Editor’s Note: We continue our “Need to Know” series, where we explain complex web topics on an executive-level, “need to know” basis. For this installment, Contributing Editor Armando Roggio explains relational databases.
The “Need to Know” Series
- Five Web Design Concepts Ecommerce Merchants Need to Know
- Five Handy HTML Tags To Help Your Ecommerce Business
- Website Compatibility Testing Made Simple
- Image Formats: What’s the Difference Between JPG, GIF, PNG?
- What Is HTML 5?
In the context of the Internet, a modern relational database is a digital repository for storing variable information in such a way that it can be easily captured, retrieved, edited, and distributed.
While very few ecommerce entrepreneurs or marketers will need to design databases or even knowingly interact with them on a day-to-day basis, understanding how relational databases work can affect significant business decisions—like selecting shopping cart software or hiring one web developer over another.
This article will provide a non-technical description of how databases work and explain briefly how this knowledge might impact an online retail business.
How Relational Databases Are Organized
In a relational database, which is the kind used for most websites, information is organized into a series of tables (sometimes called files) that contain similar kinds of data in fields (sometimes called records).
As an example, imagine that an online merchant offers a free newsletter. When site visitors fill out an online form to register for that newsletter, three specific pieces of information are captured. These are the registrant’s first name, last name, and email address.
To store this information, the web developer probably created a database. Within that database a table, perhaps called newsletterregs was also created. And in all likelihood the newsletterregs table has four fields—to hold the three pieces of information described above and an identification number or key to use as a reference.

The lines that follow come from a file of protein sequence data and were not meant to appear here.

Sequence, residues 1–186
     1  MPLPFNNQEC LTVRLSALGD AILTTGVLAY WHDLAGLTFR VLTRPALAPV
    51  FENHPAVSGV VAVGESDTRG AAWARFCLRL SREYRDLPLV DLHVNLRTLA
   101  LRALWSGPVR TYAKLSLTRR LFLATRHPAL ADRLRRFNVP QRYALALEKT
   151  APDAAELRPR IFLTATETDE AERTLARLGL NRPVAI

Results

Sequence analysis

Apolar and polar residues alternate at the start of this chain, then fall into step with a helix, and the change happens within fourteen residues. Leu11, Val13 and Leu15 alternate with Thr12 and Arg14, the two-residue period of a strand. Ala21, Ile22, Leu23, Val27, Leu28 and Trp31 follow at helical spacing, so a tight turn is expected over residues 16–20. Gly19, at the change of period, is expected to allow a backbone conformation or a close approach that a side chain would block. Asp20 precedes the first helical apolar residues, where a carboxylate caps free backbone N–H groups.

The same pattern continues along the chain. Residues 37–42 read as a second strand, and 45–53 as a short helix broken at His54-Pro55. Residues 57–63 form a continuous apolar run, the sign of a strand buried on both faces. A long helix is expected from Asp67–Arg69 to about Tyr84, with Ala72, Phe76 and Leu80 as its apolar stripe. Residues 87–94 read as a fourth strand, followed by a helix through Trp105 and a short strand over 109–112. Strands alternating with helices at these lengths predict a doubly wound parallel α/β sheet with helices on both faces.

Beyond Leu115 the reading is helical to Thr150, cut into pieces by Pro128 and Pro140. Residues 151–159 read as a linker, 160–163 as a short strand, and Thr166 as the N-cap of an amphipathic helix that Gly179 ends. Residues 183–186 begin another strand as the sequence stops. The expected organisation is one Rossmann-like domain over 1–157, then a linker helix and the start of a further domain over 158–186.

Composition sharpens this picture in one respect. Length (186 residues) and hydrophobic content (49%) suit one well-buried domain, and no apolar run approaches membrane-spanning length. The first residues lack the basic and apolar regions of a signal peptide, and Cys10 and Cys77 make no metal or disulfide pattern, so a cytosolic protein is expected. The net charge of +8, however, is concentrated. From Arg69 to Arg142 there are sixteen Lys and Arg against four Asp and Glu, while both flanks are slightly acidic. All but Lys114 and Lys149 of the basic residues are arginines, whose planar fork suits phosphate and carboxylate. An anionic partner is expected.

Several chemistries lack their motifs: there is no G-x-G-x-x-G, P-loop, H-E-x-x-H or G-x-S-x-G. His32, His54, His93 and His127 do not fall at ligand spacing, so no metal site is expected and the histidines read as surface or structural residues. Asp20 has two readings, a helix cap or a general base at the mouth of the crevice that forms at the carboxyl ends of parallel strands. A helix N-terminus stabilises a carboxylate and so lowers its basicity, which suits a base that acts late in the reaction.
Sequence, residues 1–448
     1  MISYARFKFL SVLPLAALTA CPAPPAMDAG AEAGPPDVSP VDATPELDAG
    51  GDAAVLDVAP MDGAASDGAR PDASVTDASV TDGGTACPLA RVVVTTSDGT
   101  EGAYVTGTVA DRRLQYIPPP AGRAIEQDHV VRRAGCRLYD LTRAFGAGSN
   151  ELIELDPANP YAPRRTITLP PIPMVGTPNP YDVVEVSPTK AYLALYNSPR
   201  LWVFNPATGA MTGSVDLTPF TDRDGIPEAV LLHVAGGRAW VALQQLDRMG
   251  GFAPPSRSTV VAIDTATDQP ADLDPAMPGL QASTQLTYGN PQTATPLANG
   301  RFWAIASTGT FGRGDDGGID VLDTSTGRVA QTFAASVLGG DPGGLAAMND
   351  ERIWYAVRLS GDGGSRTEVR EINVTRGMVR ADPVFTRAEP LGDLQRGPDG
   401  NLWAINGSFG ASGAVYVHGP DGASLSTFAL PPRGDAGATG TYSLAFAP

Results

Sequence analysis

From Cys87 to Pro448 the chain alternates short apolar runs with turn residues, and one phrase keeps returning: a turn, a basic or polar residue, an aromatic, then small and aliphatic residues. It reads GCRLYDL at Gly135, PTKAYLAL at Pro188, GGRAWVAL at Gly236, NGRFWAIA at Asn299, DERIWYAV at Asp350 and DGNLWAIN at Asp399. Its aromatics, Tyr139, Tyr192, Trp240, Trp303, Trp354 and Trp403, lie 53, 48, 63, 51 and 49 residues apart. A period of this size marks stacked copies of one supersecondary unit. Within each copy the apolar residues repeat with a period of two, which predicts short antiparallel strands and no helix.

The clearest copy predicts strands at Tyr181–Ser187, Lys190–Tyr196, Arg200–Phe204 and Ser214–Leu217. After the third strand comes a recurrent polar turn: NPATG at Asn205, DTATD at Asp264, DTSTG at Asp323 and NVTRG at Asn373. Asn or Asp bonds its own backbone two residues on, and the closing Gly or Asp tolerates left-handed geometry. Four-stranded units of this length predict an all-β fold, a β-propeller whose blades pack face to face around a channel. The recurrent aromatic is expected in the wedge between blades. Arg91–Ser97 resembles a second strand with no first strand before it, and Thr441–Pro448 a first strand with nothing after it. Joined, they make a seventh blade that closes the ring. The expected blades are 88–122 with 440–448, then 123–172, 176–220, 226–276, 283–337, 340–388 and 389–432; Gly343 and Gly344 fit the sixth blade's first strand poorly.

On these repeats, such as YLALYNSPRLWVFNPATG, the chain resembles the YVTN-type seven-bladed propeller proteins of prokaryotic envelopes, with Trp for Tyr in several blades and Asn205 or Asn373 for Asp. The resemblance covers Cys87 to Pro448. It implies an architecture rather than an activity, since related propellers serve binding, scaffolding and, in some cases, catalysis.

When the registrant submits the newsletter form the information is sorted and stored in the database table as a row.
As more potential customers register for the newsletter, more rows are added to the table.
With the registrant information stored in this way, it is easy to make a list of email addresses or a list of registrant names based on the stored data.
When the data is first added to the table it is “captured.” If I query the database to get a list of email addresses, I am retrieving or selecting information. Once selected, the list of email addresses could be distributed to various applications. If the merchant allowed newsletter registrants to update their records, say changing an email address, that change would edit or update the table.
Data Lives Here
All of the important information about an ecommerce site, including product descriptions, customer information, tax rules, customer reviews, inventory levels, and more, is stored in a database, using tables just like those described above.